The color of meat depends on myoglobin: Part 1

Myoglobin is the iron-rich protein that gives meat its color.

Color is used by consumers to determine if meat is fresh and safe to eat. It is the single most important driving factor in a consumer’s decision to purchase meat. Myoglobin is the heme iron containing protein that gives meat its color, and it is a great source of dietary iron. Myoglobin stores oxygen in muscle cells and is similar to hemoglobin that stores oxygen in blood cells.

The more myoglobin content meat contains the darker red it will appear in color. Myoglobin content is higher in beef and lower in poultry with lamb and pork having intermediate amounts. The age of an animal will also impact the myoglobin content of the muscles with older animals having more myoglobin and darker meat. Muscles that are used for movement also have more myoglobin content than muscles used for support. Along with water from muscle, myoglobin is what is found in meat packages that leaks out of the muscles during storage and most people think is blood. Almost all of blood is removed from muscle at the time of slaughter.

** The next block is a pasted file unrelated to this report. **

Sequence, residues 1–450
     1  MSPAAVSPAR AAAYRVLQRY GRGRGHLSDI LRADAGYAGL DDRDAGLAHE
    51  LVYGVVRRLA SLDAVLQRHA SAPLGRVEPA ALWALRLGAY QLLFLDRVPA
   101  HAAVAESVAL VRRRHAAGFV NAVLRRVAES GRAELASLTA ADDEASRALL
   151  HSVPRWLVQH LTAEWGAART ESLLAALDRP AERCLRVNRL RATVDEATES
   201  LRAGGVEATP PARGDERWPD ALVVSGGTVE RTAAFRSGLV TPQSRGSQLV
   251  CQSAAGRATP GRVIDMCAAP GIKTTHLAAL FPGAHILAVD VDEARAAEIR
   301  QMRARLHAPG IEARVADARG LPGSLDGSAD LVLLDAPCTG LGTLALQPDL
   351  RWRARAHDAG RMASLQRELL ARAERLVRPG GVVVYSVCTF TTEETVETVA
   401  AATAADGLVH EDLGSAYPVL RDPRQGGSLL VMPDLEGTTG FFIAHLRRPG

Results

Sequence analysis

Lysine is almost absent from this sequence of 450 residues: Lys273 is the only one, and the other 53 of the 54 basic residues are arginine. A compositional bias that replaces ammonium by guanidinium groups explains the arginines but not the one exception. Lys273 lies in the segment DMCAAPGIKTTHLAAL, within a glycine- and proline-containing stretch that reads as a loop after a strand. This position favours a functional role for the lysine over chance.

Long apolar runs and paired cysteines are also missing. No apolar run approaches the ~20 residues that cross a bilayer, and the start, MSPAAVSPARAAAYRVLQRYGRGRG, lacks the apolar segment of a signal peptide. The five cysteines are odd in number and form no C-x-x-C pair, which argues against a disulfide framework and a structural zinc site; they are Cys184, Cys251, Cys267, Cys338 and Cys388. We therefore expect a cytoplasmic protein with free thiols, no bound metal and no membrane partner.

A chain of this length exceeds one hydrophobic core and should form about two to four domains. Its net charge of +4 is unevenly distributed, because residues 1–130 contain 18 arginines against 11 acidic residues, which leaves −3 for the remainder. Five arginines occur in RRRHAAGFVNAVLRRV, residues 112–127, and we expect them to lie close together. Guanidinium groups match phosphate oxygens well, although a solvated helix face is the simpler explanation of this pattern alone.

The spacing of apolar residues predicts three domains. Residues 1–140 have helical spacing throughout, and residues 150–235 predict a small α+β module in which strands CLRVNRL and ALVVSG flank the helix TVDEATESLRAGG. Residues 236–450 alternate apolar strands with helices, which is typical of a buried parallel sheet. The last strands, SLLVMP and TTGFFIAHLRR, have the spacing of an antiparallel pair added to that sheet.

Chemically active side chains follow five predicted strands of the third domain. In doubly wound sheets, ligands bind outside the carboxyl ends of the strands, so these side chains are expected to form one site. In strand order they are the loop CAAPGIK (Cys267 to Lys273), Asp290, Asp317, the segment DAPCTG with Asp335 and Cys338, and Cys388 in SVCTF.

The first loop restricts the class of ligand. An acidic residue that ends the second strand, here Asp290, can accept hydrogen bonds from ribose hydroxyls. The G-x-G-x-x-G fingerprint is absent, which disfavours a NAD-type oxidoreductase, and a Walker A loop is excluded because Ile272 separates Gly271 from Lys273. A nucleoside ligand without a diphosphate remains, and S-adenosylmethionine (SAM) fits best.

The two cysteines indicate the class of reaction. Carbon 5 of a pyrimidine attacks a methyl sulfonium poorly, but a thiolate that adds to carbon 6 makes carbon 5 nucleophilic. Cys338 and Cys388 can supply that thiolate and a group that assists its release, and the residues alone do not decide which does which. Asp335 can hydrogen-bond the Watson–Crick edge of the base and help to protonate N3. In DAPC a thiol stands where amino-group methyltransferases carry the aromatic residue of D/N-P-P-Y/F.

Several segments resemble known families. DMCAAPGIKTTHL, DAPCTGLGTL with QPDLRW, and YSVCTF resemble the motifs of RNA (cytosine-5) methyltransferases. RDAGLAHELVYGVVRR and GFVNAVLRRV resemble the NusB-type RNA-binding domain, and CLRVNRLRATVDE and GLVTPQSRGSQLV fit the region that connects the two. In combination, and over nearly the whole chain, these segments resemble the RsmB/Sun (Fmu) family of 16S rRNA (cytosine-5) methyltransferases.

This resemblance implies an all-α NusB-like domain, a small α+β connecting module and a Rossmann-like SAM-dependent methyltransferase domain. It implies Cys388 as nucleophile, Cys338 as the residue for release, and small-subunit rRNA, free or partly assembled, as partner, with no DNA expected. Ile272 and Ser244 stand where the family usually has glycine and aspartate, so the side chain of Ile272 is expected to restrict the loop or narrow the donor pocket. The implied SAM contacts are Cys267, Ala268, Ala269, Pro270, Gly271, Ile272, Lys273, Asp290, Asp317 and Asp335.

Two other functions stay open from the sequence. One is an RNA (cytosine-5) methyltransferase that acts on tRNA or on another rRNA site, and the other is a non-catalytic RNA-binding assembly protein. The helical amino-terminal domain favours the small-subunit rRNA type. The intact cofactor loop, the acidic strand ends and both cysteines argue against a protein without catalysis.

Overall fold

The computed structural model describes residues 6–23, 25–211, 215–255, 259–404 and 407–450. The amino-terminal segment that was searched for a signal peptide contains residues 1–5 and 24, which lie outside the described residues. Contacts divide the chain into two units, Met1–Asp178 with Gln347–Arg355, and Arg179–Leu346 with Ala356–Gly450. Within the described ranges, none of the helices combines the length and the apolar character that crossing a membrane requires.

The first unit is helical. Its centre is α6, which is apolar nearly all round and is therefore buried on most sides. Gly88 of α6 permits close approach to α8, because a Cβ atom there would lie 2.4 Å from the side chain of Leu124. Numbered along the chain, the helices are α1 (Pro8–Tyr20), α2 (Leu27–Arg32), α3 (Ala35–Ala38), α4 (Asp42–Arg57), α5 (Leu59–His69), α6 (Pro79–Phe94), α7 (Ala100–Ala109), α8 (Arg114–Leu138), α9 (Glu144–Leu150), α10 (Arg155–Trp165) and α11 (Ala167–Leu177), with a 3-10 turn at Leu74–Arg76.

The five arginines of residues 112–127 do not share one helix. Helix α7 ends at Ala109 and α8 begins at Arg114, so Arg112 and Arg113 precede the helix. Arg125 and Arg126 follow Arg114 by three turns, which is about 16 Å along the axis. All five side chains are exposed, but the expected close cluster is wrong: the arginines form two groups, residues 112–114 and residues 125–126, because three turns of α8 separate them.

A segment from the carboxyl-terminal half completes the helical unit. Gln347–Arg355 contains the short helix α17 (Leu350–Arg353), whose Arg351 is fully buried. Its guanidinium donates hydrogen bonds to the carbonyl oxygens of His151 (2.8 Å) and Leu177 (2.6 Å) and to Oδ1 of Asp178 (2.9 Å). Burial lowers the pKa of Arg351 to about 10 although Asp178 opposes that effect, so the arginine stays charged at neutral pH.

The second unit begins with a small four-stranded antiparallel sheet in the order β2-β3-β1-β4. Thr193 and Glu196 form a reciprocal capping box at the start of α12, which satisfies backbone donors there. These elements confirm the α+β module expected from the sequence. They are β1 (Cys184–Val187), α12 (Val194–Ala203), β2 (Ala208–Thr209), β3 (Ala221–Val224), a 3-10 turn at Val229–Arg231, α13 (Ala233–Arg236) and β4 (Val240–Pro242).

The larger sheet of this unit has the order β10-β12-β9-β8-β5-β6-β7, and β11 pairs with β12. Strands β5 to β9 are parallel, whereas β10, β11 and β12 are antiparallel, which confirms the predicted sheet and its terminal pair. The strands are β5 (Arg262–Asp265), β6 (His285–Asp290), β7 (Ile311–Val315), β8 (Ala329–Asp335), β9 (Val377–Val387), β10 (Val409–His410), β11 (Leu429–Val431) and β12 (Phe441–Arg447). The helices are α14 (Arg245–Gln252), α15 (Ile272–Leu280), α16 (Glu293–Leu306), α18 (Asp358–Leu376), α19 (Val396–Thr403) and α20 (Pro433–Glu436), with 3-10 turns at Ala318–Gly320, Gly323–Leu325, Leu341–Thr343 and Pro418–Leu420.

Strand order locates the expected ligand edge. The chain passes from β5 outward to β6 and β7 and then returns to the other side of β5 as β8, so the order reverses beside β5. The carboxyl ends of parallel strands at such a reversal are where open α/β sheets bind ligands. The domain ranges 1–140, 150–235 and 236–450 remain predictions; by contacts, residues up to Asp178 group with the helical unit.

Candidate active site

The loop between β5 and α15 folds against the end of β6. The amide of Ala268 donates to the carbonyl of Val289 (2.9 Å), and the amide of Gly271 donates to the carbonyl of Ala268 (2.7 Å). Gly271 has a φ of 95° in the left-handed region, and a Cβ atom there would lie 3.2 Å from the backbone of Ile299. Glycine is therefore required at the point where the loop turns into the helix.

Myoglobin has three natural colors depending on its exposure to oxygen and the chemical state of the iron. If no oxygen is present, the meat appears purple red, like in vacuum packaged meat, and is in the deoxymyoglobin state. Meat is bright red when exposed to air and is typical of meat in retail display. Bright red color indicates oxymyoglobin is present. Meat appears tan or brown when only very small amounts of oxygen are present such as when two bright red pieces of meat are stacked on each other excluding the oxygen. Meat can also appear brown when the meats color life is exhausted late in display when the iron in the pigment becomes oxidized. Metmyoglobin is the state when the iron has oxidized and is tan or brown in color.

Although brownish-red colored meat can indicate spoilage, it doesn’t always mean that meat is spoiled. Purchasing meat that has been discounted at the retail counter because of discoloration can still be safe to consume if it is properly stored and prepared according to Michigan State University Extension.